GULFPORT, MS (WLOX) - The massive debris removal on Harrison County's beach will begin on Wednesday. Hurricane Isaac littered the 26 miles of sand beach with various marine trash, tons of marsh grasses and even dead animals.
The county is handling the clean-up "in house," with the promise of a 75 percent reimbursement from the federal government.
The beach in Harrison County is critical to the all-important tourism industry on the Mississippi Gulf Coast. Now, instead of tourists, the beach is crowded with a storm-blown mess. But clean-up help is on the way.
Tuesday afternoon, MDOT crews moved mountains of sand that blew off the beach. A short distance down Highway 90, workers cleared storm drains of that sand that's everywhere but where it's supposed to be.
Next up, the removal of all that vegetation and debris that covers the shoreline from bridge to bridge.
"We've got roughly anywhere between 50 and 65 thousand cubic yards of debris that we're going to have to remove," said county Sand Beach Director Chuck Loftis.
Picking up and disposing of all that debris will likely take between two to four months at a cost of nearly $4 million. The federal government will likely reimburse 75 percent.
"We just want to make sure we do it right, but at the same time, time is of the essence. And we don't want to be delayed by red tape. We want to get to work. We want to get those beaches clean," said Supervisor Windy Swetman.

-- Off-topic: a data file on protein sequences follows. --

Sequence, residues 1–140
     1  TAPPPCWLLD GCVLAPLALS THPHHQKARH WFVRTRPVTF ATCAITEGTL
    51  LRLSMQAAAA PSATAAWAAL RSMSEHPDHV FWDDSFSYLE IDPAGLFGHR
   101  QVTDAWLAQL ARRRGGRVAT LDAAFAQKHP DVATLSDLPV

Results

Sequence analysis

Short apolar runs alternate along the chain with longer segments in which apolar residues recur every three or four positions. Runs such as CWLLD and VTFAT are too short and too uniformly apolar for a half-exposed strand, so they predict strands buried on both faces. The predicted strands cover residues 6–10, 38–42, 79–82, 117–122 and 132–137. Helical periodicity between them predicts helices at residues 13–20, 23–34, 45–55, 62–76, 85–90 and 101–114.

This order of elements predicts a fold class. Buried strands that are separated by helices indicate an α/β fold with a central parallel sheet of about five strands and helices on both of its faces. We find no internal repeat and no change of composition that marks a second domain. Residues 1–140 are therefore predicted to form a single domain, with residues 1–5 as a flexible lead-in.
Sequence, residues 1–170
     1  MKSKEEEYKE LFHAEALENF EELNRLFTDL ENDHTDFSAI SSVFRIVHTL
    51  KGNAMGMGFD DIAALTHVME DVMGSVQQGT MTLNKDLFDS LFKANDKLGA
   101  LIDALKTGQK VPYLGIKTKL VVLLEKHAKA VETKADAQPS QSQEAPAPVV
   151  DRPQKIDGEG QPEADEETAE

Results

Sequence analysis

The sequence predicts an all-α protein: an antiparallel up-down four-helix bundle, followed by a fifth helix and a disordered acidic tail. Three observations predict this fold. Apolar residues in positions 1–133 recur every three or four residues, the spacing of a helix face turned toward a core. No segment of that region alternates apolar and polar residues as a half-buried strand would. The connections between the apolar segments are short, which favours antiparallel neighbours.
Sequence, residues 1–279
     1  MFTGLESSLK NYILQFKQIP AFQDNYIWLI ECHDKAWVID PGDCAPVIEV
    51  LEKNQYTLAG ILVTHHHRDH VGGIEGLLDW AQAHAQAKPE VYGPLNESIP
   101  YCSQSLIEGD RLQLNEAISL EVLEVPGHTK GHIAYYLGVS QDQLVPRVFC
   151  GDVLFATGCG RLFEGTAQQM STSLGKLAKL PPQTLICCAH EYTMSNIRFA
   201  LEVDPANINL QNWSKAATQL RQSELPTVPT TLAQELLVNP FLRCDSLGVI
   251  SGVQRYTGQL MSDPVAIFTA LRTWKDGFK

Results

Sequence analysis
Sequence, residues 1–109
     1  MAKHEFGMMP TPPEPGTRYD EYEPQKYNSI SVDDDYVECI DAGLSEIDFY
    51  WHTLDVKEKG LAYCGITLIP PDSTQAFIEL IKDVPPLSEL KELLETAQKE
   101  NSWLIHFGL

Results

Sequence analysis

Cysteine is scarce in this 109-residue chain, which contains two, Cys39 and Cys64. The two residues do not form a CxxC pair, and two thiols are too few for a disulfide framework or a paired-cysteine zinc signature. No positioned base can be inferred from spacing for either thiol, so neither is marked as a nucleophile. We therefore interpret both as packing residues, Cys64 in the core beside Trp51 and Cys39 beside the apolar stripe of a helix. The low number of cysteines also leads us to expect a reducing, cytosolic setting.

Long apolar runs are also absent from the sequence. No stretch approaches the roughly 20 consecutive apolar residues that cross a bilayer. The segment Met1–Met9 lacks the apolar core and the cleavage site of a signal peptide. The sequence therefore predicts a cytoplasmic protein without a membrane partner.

Board of Supervisors President Kim Savant met with Homeland Security Sec. Janet Napolitano during her weekend visit. He wants to be certain federal re-imbursement rules remain the same throughout the often lengthy process.
Past experience raises concern.
"And then after we had taken steps to address disaster recovery, then the federal government comes back and says, 'No, that's not what we meant.' All I want is in black and white what's entitled to us. And what's not, we'll take care of," Supervisor Savant explained.
The sand beach director urges locals and tourists to stay off the beach. Not only is it unsanitary, but with snakes and nails and broken glass and who knows what else, it is also unsafe.
Sand beach crews will tackle the busiest tourist sections of beach first, then move on from there.
"Main thing is hauling off the debris. It's a lot of debris and we're just going to take it one day at a time," said Director Loftis.
Board president Kim Savant said all things considered, Harrison County is blessed and fortunate to have made it through Hurricane Isaac with the beach mess and some flooded home